have been appointed to be respon
sible for each district in time oi
air raid.
District A, which includes the
University press, health service,
pool, heating plant, and exten
sion building, will be under the
direction of Robert C. Hall, as
sociate professor of journalism
and supervisor of the press, and
Harry T. Shea, supervisor of the
men’s swimming pool.
Districts Lasted
District B. including the art.
and architecture building, Mc
Clure, journalism, Friendly, Vil
lard and Deady, will be handled
by Dr. Charles Secoy, instructo -
in chemistry, and Dr. Henry W.
Schoenborn, instructor in zoology.
District C, which will include
Fenton, commerce, Oregon, tho
YMCA and the YWCA buildings,
is under the supeiwision of Dr.
Daniel Gage, associate professor
of business administration, and
Dr. Waldo Schumacher, professor
of political science.
District D. taking in the area
from Condon and Chapman to tho
art museum and library, is to bo
directed by Willis Warren, execu
tive assistant to the librarian,
and James C. Stovall, instructor
in geology.
Cleric Becomes Warden
District E, to be captained by
Dr. Paul B. Means, head of tho
department of religion, and Clif
ford Stalsberg, University cash
ier, will include Johnson, the fac
ulty club, the drama studio, Hen
dricks and Mary Spiller hall, Su
san Campbell, and Gerlinger.
District F. covering the men's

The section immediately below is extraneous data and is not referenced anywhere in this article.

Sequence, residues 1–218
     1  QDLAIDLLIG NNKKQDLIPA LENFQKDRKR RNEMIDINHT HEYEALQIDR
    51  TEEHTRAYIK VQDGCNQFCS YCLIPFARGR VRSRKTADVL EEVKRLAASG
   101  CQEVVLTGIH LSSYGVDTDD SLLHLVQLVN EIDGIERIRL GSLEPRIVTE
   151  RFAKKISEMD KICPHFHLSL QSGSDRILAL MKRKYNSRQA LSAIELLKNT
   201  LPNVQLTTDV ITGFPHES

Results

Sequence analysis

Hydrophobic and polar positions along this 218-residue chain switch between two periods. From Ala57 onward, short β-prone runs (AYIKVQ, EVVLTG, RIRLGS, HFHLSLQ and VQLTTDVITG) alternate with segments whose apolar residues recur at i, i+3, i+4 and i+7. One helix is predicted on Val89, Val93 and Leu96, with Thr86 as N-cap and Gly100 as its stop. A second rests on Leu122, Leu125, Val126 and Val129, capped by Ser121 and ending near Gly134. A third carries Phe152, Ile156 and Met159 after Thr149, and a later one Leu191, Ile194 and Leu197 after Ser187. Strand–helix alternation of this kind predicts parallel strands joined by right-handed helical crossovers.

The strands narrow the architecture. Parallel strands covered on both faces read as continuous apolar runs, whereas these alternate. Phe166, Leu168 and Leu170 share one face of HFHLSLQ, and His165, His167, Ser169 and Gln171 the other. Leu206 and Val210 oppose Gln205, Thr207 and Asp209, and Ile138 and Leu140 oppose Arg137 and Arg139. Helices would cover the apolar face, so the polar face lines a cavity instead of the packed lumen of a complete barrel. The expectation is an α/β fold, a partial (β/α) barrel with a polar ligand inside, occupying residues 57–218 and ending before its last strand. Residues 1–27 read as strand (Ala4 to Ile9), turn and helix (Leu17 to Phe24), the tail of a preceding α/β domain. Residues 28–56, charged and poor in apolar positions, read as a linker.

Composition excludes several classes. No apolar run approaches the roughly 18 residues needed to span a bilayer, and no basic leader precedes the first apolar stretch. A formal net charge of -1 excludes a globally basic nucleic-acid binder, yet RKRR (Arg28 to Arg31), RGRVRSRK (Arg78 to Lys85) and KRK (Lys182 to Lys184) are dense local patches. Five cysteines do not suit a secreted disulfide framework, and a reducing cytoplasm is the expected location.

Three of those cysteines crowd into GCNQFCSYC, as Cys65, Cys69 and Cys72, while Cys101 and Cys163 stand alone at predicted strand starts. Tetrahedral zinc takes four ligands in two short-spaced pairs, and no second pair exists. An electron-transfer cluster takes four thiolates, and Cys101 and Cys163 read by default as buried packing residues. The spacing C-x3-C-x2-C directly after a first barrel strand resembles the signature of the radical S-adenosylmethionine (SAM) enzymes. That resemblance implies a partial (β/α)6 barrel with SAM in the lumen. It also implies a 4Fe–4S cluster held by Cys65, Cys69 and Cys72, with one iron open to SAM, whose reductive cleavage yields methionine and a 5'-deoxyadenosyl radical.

dormitory, the news bureau, sev
eral small buildings and the ten
nis courts, will be supervised by
Dr. Kenneth S. Ghent, assistant
professor of mathematics—a-riffr
Lawrence E. Hartwig, assistant
professor of law:
District G, which includes tho
tI’lease hint to page eight)
Navy Clarifies Officer Traning Plans
Clarification of the require
ments for students at the Univer
sity who wish to enlist in the na
val reserve has been received
here by Dr. Howard R. Taylor,
head of the psychology depart
ment.
In order to qualify for enlist
ment, students must be native
born, unmarried citizens of the
United States and not under 19
or over 28 years of age on the
date of enlistment. They must
also meet the physical require
ments set up by the navy for all
classes of the rank of ensign.
Upper classmen Pri vile go ci
College juniors and seniors reg
ularly enrolled may be enlisted
prior to graduation provided they
submit a certificate from the
registrar of the school attended
that upon graduation they will
have the educational qualifica
tions required.
Enlisted students will then be
continued on inactive duty until
they have completed the work for
their college degree.
The educational qualifications
required by the navy are that
students upon graduation have
one of the following degrees:
bachelor of arts, science, educa
tion, philosophy, business admin
istration, commercial science,
journalism, laws, or any engin
cerning degree. They must also
submit a certified transcript of
their college record which must
include at least two one-semes
(ricase turn to page six)